An article by Simon Kuper draws attention on how the English continued to attend football matches even as the British Expeditionary Force were evacuating Dunkirk. For many, the preoccupation was their team's fortunes rather than the drone of Pathe newsreels of the war.
Even Sir Tom Finney recalling the war was more concerned about playing Arsenal in the 1941 War Cup : "I wasn't all that interested in the war when I was playing. And to hold them to a draw in London was really quite an achievement." Finney added that, of course, he wanted "England" to win the war.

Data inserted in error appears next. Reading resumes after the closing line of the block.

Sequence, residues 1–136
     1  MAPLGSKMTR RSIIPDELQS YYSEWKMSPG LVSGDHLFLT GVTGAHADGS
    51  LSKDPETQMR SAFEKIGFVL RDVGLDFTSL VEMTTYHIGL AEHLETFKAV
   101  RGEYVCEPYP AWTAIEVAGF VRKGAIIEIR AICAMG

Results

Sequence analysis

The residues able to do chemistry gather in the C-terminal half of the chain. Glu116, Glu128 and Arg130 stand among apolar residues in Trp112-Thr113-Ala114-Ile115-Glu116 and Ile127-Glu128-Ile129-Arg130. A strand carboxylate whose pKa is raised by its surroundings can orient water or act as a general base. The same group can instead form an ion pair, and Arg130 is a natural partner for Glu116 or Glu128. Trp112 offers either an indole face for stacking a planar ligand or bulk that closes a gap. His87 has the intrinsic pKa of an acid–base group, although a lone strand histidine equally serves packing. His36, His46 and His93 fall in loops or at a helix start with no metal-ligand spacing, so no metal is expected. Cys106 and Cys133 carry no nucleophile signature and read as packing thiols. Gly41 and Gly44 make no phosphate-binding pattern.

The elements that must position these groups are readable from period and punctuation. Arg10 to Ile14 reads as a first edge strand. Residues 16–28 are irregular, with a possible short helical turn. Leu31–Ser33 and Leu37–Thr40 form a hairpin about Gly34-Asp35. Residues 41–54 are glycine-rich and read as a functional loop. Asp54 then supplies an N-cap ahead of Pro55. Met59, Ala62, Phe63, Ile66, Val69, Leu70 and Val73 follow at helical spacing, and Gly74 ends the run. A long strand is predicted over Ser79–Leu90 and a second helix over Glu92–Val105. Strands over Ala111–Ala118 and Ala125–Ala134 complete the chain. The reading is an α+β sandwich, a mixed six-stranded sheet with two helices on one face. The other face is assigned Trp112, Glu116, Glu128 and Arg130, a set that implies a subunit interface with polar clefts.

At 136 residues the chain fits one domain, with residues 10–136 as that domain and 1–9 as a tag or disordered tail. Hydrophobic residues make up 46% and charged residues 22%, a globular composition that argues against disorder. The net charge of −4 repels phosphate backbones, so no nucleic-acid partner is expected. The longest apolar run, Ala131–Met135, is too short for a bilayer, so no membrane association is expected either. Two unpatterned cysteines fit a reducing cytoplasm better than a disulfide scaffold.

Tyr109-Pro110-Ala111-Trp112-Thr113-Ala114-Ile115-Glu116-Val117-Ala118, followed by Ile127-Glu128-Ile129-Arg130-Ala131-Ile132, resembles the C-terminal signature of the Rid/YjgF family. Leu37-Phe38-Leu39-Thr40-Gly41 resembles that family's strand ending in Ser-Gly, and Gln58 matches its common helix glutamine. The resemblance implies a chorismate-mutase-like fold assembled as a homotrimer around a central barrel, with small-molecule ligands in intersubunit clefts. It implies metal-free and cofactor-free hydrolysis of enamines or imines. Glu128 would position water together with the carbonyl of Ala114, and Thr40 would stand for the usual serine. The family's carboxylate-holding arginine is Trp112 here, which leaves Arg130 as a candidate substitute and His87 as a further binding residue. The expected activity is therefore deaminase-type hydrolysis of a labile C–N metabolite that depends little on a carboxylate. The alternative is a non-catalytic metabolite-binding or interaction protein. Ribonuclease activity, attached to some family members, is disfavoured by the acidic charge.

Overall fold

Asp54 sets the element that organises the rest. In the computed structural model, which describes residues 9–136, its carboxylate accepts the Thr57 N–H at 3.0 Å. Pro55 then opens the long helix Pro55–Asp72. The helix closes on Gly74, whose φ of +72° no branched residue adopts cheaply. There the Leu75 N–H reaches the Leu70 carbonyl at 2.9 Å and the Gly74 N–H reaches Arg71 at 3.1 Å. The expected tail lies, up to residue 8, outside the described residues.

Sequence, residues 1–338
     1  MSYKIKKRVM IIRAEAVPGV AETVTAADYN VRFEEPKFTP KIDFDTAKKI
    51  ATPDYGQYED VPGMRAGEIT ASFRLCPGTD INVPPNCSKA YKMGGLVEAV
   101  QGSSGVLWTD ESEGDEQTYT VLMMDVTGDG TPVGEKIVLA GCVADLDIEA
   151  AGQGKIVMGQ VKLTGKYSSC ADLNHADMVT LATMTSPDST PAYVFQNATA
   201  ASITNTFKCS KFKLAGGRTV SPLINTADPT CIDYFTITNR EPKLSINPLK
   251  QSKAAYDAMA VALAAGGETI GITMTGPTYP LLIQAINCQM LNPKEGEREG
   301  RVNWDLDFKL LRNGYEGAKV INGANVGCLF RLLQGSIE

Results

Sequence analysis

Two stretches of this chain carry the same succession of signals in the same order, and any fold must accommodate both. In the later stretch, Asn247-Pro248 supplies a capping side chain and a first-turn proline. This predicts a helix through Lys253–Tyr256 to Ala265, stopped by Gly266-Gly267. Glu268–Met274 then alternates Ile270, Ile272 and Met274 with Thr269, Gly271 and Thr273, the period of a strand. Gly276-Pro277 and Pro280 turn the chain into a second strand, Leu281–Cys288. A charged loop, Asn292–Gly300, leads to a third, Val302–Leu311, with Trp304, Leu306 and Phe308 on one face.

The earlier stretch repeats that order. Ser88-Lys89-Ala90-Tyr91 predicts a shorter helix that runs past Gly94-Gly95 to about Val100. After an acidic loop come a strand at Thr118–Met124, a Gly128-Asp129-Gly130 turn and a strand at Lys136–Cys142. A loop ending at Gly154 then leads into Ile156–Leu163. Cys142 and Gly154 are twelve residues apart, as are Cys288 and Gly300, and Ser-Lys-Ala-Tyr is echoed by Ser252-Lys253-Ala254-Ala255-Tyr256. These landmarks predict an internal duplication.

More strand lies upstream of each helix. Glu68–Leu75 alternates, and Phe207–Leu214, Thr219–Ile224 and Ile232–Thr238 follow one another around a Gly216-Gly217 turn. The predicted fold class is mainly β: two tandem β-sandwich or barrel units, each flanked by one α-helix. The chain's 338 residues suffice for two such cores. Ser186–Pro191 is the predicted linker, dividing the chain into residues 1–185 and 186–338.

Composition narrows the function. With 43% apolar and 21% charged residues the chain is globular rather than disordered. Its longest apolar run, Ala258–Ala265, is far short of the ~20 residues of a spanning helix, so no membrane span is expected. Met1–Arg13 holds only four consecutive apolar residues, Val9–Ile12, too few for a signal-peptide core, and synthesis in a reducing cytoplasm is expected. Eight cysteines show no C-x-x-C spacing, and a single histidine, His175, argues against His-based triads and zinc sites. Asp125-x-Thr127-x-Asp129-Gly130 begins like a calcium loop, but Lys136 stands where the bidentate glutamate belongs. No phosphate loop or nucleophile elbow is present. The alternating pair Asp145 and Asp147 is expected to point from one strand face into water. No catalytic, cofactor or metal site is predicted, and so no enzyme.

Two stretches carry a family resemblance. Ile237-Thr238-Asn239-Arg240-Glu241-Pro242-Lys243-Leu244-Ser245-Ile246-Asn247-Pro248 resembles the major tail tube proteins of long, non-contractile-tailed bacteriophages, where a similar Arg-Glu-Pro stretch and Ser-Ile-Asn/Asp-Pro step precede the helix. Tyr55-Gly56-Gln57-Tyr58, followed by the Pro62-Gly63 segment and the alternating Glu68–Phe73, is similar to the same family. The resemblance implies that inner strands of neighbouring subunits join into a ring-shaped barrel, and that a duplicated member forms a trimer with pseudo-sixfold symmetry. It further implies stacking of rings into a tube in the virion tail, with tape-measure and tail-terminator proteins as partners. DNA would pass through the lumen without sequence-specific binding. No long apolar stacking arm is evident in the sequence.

I remember seeing John Boorman's wonderful Hope and Glory, of a small boy growing up in the London blitzes. The film transforms those terrible events into something magical, into a liberating experience, even as bombs wrought terror, death, and destruction. Football might have provided a similar sort of conduit. Attendances actually went up when Britain was ravaged by record numbers of unemployed workers in Thatcher's time.